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Anna Amalia (1739-1807)

The Ducal Palce in Weimar, unknown 18th Century artist The musical life of 18th century Germany was enlivened by two Anna Amalias, both belonging to the Prussian royal family of Frederick the Great. The first of them, the younger sister of the King, shared her brother's abilities as musical patron and composer. But it was their niece, later Duchess of Saxe-Weimar, who made the stronger mark with her own writing. She brought together the major musicians and poets of the day in the Weimar court, where the genre of German opera came into being under her encouragement. Of her own works the largest surviving piece is a Singspiel or musical play called Erwin und Elmire. She wrote it in 1776, setting a text by Goethe, and it shows thorough technical competance and spontaneous inventiveness. Her collection of about 2000 volumes is now in the Zentralbibliothek der Deutschen Klassic, Weimar.


Click on these works for more details below:
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Erwin und Elmire. 1776
Act 1: 1. Overture. 2. 'Geängstet'. 3. 'Liebes Kind, was hast du wieder'. 4. 'Was sind all die Seligkeiten'. 5. 'Ihr solltet geniessen'. 6. 'Erwin, o schau'. 7. 'Da hätt' ich eine niedliche Kleine'. 8. 'Da kommt sie geschlichen'. 9. 'Hin ist hin'. 10. 'Ein Veilchen auf der Wiese stand'. 11. Ich muss ihn sehen'. 12 'Ein Schauspiel für Götter.
Act II: 13. Entre Acte. 14 'Ihr verblühet, süsse Rosen'. 15. 'Inneres Wühlen'. 16. 'Auf dem Land und in der Stadt'. 17. 'Sie scheinen zu spielen'. 18. 'Sein ganzes Herz dahinzugeben'. 19. 'Mit vollen Atemzügen'. 20 'Sieh mich, Heilger, wie ich bin'. 21. 'Ha, sie liebt mich!' 22. 'Er ist nicht weit'. 23.' Vergib mir die Eile'.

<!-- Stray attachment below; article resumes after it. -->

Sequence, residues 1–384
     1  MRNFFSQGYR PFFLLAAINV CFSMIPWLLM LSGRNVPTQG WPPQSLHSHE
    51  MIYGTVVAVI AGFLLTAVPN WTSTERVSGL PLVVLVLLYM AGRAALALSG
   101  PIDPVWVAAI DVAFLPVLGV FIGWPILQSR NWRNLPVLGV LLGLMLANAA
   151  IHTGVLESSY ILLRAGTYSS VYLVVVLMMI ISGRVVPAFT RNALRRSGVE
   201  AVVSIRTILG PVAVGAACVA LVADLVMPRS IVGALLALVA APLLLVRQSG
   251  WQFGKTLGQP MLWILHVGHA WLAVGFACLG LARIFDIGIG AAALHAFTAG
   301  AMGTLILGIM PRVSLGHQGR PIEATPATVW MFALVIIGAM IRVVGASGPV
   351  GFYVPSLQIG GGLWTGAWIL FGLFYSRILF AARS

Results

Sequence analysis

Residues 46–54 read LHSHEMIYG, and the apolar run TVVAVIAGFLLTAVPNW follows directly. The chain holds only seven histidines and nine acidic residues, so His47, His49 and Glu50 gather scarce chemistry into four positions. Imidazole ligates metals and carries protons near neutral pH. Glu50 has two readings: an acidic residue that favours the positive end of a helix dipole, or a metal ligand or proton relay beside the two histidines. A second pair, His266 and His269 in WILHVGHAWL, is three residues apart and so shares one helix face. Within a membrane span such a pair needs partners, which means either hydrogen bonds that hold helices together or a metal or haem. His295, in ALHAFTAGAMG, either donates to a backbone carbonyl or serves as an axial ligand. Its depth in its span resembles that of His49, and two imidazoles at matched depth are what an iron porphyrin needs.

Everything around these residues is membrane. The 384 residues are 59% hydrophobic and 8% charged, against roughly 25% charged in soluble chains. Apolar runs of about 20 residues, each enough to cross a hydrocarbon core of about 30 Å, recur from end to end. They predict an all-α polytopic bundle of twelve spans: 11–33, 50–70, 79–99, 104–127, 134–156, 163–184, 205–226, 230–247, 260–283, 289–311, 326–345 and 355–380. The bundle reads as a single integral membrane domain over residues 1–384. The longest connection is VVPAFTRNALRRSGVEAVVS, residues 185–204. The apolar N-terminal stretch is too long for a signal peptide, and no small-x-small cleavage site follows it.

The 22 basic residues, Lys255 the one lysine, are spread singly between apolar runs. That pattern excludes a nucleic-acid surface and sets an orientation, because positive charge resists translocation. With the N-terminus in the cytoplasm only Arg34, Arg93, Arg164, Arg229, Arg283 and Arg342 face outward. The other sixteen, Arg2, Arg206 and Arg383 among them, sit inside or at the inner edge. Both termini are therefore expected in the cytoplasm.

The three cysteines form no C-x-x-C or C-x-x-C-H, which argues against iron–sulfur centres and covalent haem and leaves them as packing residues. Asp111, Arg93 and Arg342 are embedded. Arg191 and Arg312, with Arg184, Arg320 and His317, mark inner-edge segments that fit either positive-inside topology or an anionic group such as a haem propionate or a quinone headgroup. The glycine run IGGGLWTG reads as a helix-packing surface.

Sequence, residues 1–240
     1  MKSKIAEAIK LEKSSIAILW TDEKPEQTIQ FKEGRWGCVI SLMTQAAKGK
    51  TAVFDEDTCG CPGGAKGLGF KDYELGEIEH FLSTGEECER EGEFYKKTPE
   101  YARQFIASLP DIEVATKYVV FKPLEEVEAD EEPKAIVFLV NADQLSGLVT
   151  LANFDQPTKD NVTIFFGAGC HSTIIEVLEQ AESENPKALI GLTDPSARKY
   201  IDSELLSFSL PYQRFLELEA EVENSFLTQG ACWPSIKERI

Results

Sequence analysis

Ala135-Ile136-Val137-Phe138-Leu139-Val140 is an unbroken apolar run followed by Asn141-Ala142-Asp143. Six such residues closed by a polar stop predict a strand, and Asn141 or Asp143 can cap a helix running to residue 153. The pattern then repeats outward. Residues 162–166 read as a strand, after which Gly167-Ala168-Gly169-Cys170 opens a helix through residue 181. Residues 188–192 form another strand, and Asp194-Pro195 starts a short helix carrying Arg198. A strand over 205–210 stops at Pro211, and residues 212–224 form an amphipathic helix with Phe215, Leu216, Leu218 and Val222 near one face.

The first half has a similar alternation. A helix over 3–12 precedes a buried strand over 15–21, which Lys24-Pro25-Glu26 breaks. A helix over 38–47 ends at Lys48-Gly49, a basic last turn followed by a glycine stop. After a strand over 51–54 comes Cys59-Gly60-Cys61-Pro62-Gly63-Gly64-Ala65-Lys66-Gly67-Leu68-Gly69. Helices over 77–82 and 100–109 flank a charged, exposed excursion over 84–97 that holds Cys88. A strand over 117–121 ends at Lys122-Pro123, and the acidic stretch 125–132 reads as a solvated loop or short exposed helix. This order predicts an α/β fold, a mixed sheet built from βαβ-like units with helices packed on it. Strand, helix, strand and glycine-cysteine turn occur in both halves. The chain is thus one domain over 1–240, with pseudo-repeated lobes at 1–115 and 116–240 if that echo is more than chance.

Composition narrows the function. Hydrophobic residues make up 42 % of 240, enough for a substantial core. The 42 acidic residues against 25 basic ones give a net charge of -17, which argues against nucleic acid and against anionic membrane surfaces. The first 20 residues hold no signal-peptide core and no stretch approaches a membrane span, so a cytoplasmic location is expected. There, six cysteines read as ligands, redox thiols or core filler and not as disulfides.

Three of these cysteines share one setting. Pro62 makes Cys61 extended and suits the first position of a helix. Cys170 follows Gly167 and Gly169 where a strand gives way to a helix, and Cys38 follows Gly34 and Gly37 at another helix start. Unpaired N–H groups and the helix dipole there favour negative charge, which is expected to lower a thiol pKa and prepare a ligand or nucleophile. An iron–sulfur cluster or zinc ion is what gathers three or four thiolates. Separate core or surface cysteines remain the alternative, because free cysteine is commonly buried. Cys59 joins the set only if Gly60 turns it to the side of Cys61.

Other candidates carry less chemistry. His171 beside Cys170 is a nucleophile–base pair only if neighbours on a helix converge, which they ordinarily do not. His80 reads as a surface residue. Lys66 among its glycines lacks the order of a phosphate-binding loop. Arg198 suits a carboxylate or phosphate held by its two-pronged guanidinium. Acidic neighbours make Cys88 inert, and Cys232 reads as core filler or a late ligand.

Singers: Olympia, Elmire, Bernardo, Erwin. Orchestra: 2fl, 2ob, 2hn, bn, stgs, cembalo. 75 mins.

Anna Amalia was familiar with Singspiel through promoting it in her court theatre. Her own Singspiel, on a text by Goethe, is about love transcending the restrictions between different social classes. The theme of reconciliation is achieved against rustic surroundings, and in contrast to the pretentions of urban manners of the day. Her musical style draws on the Italian models of the day, fused together into a satifying dramatic whole. In 1769 German Opera's goal was expressed as to be 'created anew! ... with feeling, feeling; oh grand purpose! grand task!' This is an important early achievement in that goal.
Cambridge University Opera Society gave the first modern performance in 1999. The programme is on their web site. If you want parts, contact Peter Tregear at pjt21@hermes.co.ac.uk.


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Concerto fur Cembalo und Orchester, G major
1. Allegro, G major. 2. Andantino, C major. 3. Allegro, G major. 13 mins
2 fl, 2 ob, 2 bn, strings, cembalo
This is a chamber concerto, which could be played with a single person per part. The solo part is well integrated into the whole, and the music has an effervescent bounce. The slow movement is mainly orchestral and the finale is something of a Minuet with a Trio featuring wind solos.
Published by P.J.Tonger, Koln - Rodenkirchen, Germany


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Divertimento pour Pianoforte, Clarinetto, Viola et Violoncello, c1780
1. Adagio, B flat. 2 Allegro, B flat. 10 mins
The origins of the Divertimento are not known, but the combination of formality and warmth at the outset suggests at least an element in common with Mozart. This is probably the first chamber work featuring a clarinet. After the tutti opening phrase, the instruments are immediately allowed a degree of individual freedom, the viola leads, the clarinet answers, the piano rounds off. This music is elegant and totally charming, unpretentious and engaging.
We, the Ambache, gave the UK premiere in 1995.
Published by Ambache Editions (diana@ambache.co.uk)


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Trio Sonata in D for 2 Violins & Bass: Allegro. 5 mins
Possibly by the Aunt, the Princess of Prussia, this is a single movement for 2 violins, bass and cembalo, in lively D major style.

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